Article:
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United States Court of Appeals, Ninth Circuit.

UNITED STATES of America, Plaintiff-Appellee, v. Kaleb L. BASEY, Defendant-Appellant.

No. 20-30014

Decided: February 24, 2021

Before: FERNANDEZ, BYBEE, and BADE, Circuit Judges. Stephen Corso, Kyle F. Reardon, Assistant U.S. Attorney, Kyle F. Reardon, Assistant U.S. Attorney, Bryan Wilson, Office of the U.S. Attorney, Anchorage, AK, for Plaintiff-Appellee Kaleb L. Basey, Pro Se


Kaleb L. Basey appeals pro se from the district court's order denying reconsideration of its denial of Basey's motion for return of property under Federal Rule of Criminal Procedure 41(g). We have jurisdiction under 28 U.S.C. § 1291. Reviewing de novo, see United States v. Harrell, 530 F.3d 1051, 1057 (9th Cir. 2008), we affirm.

As an initial matter, we are not persuaded by the government's argument that Basey's pending 28 U.S.C. § 2255 motion renders his criminal proceedings “ongoing,” such that we lack jurisdiction over this appeal. The government cites no authority to support this assertion, and our precedent suggests that criminal proceedings are over for purposes of a Rule 41(g) motion once the defendant is convicted. See Harrell, 530 F.3d at 1057. Likewise, Basey is correct that, given the timing of his motion, the government had the burden of showing a legitimate need to retain the property. See id.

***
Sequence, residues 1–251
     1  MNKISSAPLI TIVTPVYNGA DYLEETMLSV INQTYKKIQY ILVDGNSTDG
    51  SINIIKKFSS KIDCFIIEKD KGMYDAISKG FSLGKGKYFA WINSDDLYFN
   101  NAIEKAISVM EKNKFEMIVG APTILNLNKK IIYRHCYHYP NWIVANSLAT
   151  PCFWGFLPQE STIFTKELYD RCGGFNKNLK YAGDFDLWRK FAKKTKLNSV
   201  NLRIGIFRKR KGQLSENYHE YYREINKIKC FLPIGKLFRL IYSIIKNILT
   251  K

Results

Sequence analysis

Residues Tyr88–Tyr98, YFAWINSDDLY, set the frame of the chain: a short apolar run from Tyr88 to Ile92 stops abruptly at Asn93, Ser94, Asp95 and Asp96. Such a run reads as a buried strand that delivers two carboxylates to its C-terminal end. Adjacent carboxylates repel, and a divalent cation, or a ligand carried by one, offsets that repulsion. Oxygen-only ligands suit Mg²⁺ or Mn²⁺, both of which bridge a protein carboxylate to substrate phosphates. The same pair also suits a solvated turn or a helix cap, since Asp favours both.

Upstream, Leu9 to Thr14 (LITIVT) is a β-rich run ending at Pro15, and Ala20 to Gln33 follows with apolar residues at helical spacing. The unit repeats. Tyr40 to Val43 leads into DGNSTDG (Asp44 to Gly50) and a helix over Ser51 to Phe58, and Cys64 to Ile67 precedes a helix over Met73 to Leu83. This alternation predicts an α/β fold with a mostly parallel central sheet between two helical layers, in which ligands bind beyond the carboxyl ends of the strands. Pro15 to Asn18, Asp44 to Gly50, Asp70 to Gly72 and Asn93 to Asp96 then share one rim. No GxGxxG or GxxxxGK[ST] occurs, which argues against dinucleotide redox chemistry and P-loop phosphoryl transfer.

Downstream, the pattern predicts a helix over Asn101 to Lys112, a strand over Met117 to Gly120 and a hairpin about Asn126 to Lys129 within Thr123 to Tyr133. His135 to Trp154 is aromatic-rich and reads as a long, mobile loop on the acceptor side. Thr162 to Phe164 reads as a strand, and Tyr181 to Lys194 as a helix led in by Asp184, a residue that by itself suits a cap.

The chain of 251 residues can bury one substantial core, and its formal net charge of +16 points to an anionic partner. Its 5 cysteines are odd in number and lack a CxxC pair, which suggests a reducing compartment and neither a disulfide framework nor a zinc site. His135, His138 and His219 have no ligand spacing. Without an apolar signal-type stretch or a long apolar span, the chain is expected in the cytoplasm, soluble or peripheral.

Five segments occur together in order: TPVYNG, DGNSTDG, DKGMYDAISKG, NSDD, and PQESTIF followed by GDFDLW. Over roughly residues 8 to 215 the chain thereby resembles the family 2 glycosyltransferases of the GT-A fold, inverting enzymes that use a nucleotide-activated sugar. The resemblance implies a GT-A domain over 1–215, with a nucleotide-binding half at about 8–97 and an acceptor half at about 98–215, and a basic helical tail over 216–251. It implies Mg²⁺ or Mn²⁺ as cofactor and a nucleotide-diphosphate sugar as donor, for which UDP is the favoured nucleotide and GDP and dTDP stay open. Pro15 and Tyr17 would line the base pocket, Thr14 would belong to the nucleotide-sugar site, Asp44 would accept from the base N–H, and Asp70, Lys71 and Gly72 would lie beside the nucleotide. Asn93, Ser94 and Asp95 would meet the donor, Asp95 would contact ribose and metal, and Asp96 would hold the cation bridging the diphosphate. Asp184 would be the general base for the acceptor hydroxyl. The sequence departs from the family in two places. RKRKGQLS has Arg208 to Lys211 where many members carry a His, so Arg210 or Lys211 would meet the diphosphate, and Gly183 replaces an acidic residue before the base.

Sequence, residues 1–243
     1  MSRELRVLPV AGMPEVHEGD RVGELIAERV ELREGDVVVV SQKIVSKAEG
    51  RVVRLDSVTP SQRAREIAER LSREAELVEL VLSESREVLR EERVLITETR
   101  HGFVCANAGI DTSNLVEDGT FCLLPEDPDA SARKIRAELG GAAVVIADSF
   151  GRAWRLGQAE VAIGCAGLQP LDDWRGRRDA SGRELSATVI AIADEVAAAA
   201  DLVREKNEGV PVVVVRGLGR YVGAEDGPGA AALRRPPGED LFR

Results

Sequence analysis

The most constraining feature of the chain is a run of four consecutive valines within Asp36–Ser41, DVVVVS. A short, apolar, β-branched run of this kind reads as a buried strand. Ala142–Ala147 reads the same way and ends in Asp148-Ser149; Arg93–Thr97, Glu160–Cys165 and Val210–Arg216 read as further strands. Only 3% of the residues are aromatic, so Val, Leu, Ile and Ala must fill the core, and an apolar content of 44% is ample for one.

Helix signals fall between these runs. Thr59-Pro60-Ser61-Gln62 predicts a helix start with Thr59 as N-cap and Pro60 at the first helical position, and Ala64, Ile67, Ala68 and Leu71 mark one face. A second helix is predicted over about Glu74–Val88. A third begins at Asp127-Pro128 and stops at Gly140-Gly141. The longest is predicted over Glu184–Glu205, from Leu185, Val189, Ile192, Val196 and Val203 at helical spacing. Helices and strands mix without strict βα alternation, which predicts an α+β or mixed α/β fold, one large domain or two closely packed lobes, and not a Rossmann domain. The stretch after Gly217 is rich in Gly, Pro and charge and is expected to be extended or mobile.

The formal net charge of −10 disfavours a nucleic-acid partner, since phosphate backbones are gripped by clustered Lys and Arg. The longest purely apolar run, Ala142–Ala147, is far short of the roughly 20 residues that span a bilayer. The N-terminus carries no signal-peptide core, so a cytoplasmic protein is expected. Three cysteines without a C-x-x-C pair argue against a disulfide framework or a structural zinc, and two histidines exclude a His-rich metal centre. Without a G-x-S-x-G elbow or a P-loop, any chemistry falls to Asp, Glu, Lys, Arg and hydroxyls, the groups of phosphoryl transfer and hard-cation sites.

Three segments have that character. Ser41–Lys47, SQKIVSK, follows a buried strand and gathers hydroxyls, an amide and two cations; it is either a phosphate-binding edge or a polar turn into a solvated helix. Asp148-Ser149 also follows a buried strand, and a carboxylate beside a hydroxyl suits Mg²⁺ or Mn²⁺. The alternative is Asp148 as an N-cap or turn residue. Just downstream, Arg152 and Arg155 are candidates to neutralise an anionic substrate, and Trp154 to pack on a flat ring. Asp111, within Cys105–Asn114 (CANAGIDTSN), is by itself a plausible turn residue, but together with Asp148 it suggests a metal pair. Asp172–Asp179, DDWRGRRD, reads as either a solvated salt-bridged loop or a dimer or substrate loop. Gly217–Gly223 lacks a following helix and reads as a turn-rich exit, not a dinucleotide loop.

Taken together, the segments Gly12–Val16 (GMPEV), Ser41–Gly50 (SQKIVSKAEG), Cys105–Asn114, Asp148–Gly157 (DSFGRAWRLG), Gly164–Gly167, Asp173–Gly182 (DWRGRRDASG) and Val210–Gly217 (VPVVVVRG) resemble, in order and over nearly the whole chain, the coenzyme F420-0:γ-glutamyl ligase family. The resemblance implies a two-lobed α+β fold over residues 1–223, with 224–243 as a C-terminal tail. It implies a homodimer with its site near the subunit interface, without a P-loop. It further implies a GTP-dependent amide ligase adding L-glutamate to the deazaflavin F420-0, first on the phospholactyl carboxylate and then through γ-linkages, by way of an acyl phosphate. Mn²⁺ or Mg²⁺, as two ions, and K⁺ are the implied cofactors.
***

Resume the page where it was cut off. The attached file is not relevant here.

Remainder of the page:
Nevertheless, the government met its burden here. Even assuming the district court should have treated the government's opposition to Basey's motion as a motion for summary judgment, it provided Basey an opportunity to respond in the form of a motion for reconsideration. In his motion for reconsideration, Basey failed to raise a genuine issue as to any material fact. See Mendiola-Martinez v. Arpaio, 836 F.3d 1239, 1247 (9th Cir. 2016). Nor has he done so on appeal. The government demonstrated a reasonable need to retain the property in light of Basey's pending collateral attack on his 2017 convictions. See United States v. Kriesel, 720 F.3d 1137, 1144 (9th Cir. 2013).

We do not consider matters not specifically and distinctly raised and argued in the opening brief, or arguments and allegations raised for the first time on appeal. See Padgett v. Wright, 587 F.3d 983, 985 n.2 (9th Cir. 2009).

Basey's motion to expedite is denied as moot.


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